Saudi Arabia is expected to raise focus on preparations to list its state oil company and provide a clearer growth strategy for its mining sector following the split of its energy and mineral resources ministry.
Saudi King Salman issued a number of royal decrees on Friday, which included rolling out the new ministry, establishing new authorities to develop the capital Riyadh, opening a centre for artificial intelligence and replacing the head of the Royal Court as well as other authorities.
Saudi Energy Minister Khalid Al Falih, who held the full portfolio of the ministry of energy, industry and mineral resources, will continue as energy minister, while businessman Bandar Alkhorayef will head the newly-decreed mineral resources ministry.
His appointment comes at a time when Saudi Arabia is looking to maximise productivity from its natural resources and mining sectors, as it pushes for job creation as part of its Vision 2030 strategy.
The split of the energy, industry and mineral resources ministry was much needed, said Mazen Al Sudairi, head of research at Al Rajhi Capital.
“The ministry of energy, industry and mineral resources is a ministry with two different strategies. They have to manage the Saudi oil sector, Saudi demand in the future and also prioritise renewable energy as part of their agenda,” said Mr Al Sudairi.
“On the other hand, the industry ministry has the challenge of creating jobs, fostering research and development and creating an innovative environment,” he said.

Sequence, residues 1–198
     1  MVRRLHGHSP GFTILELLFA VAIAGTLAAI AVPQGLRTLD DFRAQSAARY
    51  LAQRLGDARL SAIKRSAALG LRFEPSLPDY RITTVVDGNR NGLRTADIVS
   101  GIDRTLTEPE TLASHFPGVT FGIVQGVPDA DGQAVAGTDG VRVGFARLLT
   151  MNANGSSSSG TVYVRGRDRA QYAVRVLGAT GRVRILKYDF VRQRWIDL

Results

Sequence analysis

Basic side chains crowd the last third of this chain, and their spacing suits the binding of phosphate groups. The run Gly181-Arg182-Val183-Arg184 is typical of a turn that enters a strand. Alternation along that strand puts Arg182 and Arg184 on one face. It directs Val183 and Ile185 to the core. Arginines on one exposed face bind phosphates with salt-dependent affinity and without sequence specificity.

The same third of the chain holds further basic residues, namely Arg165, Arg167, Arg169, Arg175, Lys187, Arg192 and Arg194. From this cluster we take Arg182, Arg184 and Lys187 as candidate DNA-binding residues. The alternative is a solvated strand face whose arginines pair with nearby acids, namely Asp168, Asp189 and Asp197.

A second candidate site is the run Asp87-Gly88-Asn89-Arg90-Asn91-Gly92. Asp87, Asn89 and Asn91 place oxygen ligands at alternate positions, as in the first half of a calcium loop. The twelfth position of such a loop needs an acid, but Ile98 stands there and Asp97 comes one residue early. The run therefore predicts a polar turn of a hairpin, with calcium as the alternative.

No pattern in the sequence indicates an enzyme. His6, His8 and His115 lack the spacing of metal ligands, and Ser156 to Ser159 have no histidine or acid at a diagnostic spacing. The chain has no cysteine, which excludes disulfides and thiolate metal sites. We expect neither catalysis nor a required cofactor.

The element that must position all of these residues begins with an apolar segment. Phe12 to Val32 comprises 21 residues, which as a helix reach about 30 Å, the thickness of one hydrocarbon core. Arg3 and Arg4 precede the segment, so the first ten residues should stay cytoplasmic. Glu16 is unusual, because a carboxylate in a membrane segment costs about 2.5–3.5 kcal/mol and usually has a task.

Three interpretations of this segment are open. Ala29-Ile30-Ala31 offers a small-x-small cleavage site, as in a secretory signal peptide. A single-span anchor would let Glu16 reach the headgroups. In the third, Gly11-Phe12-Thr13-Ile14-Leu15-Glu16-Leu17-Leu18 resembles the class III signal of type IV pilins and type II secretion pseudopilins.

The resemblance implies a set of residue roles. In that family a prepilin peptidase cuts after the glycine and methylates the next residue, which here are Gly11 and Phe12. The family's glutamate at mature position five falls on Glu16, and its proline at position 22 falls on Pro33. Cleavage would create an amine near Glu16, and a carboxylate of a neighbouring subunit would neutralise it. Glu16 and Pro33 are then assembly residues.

The move is seen as streamlining of efforts as the kingdom prepares to list 5 per cent of Saudi Aramco at the end of this year or early 2020, according to recent reports. The Wall Street Journal reported last week that Saudi Arabia could likely split the initial public offering into two stages, with the first tranche likely to take place this year on the domestic Tadawul exchange.
A foreign listing could take place as early as next year or 2021, with Tokyo emerging as a favourite, to avoid possible political and legal complications from a listing in New York, London or Hong Kong.
Aramco on Friday said the company continued to engage with the shareholders on "IPO readiness activities".
"The company is ready and timing will depend on market conditions and be at a time of the shareholder's choosing," Aramco said.
Meanwhile, the energy, industry and mineral resources ministry will run the joint portfolio until the end of the current fiscal year, with Mr Alkhorayef expected to assume responsibility at the beginning of next year.
Mr Alkhorayef is a member of the board of the Alkhorayef Group, which invests in Saudi Arabia’s agriculture sector. A graduate of the King Saud University, he has held various positions within the 62-year-old Saudi conglomerate, which also has interests in power and utility, farming tools and lubricants.
Saudi Arabia outlined a strategy in January to spend 100 billion riyals (Dh97.93bn) this year and next as part of a new industrial strategy, aimed at diversifying away from hydrocarbons, creating 1.6 million jobs and attracting 1.6 trillion riyals in investment by 2030.
The strategy known as the National Industrial Development and Logistics Programme will have a range of 42 initiatives spanning mining, logistics as well as energy.
"This diversification of industries is seen as a positive move for the reformation of the kingdom's economy and could result in further improvement in the smooth and transparent running of the ministries," said Vijay Valecha, chief Investment Officer at Dubai-based Century Financial.
The separation is seen as diversification of power and resources within the ministries, he added.